On July 26, 2014, from 10:57 a.m. to 11:42 a.m. EDT, the moon crossed between NASA’s Solar Dynamics Observatory (SDO) and the sun, a phenomenon called a lunar transit. A lunar transit happens approximately twice a year, causing a partial solar eclipse that can only be seen from SDO’s point of view. Images of the eclipse show a crisp lunar horizon, because the moon has no atmosphere that would distort light. This image shows the blended result of two SDO wavelengths - one in 304 wavelength and another in 171 wavelength.Image Credit: NASA/SDO
Space selfie by Kaguya, the Japanese lunar probe.
Image of high-gain antenna deployment. The right side is the SOL-BC that is part of the X-ray spectrometer.Image credit: JAXA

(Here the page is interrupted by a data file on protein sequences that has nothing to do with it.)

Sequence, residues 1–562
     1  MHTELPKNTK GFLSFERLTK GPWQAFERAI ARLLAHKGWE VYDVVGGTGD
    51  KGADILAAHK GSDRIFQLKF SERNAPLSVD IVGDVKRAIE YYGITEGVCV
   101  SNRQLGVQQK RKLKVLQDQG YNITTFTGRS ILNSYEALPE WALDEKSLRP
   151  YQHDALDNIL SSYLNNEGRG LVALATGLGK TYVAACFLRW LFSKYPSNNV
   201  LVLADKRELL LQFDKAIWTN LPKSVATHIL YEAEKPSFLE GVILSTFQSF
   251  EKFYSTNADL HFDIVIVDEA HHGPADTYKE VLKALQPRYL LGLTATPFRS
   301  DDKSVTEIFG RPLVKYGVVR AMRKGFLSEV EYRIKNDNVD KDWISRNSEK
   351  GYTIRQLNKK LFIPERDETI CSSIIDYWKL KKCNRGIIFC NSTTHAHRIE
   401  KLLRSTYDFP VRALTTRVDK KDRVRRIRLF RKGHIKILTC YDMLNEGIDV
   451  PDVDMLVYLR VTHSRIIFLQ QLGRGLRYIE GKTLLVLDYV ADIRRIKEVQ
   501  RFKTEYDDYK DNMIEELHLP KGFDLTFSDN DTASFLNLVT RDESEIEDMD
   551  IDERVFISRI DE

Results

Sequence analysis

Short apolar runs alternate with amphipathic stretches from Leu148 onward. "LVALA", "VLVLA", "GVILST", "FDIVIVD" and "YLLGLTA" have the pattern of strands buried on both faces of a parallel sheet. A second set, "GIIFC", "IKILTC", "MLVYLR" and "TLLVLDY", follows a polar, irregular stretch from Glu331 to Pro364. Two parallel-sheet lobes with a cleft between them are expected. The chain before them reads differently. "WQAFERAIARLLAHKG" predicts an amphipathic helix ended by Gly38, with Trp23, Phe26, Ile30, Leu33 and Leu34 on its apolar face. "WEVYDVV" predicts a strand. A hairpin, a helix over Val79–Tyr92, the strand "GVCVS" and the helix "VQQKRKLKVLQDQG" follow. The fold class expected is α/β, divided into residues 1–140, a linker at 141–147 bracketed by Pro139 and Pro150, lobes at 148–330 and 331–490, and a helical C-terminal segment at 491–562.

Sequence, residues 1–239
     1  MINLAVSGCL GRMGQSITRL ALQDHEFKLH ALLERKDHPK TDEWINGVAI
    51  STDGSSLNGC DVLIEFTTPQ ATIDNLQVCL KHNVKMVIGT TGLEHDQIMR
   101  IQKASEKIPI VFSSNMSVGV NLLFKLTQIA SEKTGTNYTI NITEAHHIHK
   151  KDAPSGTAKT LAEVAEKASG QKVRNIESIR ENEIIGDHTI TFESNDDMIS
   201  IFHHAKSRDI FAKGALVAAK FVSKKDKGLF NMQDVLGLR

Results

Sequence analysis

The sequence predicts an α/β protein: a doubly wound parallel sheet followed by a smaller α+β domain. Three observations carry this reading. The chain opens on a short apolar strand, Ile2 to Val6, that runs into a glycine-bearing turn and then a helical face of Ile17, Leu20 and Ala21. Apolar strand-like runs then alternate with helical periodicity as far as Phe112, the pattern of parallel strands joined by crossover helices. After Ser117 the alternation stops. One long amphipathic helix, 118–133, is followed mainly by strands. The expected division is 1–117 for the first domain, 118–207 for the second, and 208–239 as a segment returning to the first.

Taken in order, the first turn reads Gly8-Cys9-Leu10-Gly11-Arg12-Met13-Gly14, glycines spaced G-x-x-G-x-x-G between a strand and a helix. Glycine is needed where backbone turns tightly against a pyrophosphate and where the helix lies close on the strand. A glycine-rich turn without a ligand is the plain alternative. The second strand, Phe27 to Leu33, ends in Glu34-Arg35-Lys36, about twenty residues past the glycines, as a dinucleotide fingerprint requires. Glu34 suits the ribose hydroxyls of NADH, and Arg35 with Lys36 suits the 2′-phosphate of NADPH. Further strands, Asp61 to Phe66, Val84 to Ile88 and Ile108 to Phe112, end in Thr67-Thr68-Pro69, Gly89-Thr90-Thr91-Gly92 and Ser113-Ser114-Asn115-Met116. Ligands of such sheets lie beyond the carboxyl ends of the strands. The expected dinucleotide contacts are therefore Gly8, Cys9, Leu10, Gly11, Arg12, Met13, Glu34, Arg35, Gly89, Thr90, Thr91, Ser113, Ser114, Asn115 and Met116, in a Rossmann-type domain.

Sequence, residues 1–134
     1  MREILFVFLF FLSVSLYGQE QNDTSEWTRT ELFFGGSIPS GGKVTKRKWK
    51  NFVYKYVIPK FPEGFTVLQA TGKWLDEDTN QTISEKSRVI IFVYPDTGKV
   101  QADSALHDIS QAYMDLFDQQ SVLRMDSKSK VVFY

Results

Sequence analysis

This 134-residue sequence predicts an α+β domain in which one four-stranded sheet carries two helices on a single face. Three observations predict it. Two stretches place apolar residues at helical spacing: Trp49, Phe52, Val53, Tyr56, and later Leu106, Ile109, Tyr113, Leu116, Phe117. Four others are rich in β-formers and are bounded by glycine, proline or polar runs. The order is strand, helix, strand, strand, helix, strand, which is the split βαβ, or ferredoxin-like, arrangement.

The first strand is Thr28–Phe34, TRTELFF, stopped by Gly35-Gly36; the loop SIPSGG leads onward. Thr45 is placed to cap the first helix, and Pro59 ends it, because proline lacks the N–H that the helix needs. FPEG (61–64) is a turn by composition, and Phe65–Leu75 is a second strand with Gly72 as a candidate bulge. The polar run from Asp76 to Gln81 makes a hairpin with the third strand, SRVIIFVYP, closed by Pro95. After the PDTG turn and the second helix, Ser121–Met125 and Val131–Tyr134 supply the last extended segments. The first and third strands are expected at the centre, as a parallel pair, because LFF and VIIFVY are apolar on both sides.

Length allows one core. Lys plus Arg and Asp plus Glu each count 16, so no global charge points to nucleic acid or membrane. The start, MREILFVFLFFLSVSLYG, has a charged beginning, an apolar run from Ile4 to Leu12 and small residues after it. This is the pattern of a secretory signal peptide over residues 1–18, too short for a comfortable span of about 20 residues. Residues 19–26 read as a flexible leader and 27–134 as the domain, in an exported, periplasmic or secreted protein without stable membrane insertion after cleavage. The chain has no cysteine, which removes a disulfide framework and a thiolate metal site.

Ranger VII: Lunar surface impact movie, July 31st 1964. The Ranger VII probe was the first fully successful US moon probe, and the first moon probe of any country to send back close up images of the lunar surface. It was launched July 28th 1964, 50 years ago today.
Apollo 16 metric camera image of the Moon’s eastern limb and far side. The lower left part of the image shows a portion of the moon visible from Earth. The dark area at the 8:00 position on the edge is Mare Crisium. To the right of that is Mare Smythii. The upper right area shows the heavily cratered lunar far side. The Moon is 3475 km in diameter and North is at 10:30 in this image. (Apollo 16, AS16-3021)
LRO: Image of the Moon’s Mt. Hadley & Hadley Rille. The Apollo 15 landing site is toward the upper left of the image, just this side of the rille.
Newsreel about the Surveyor I robotic moon landing, June 2nd 1966.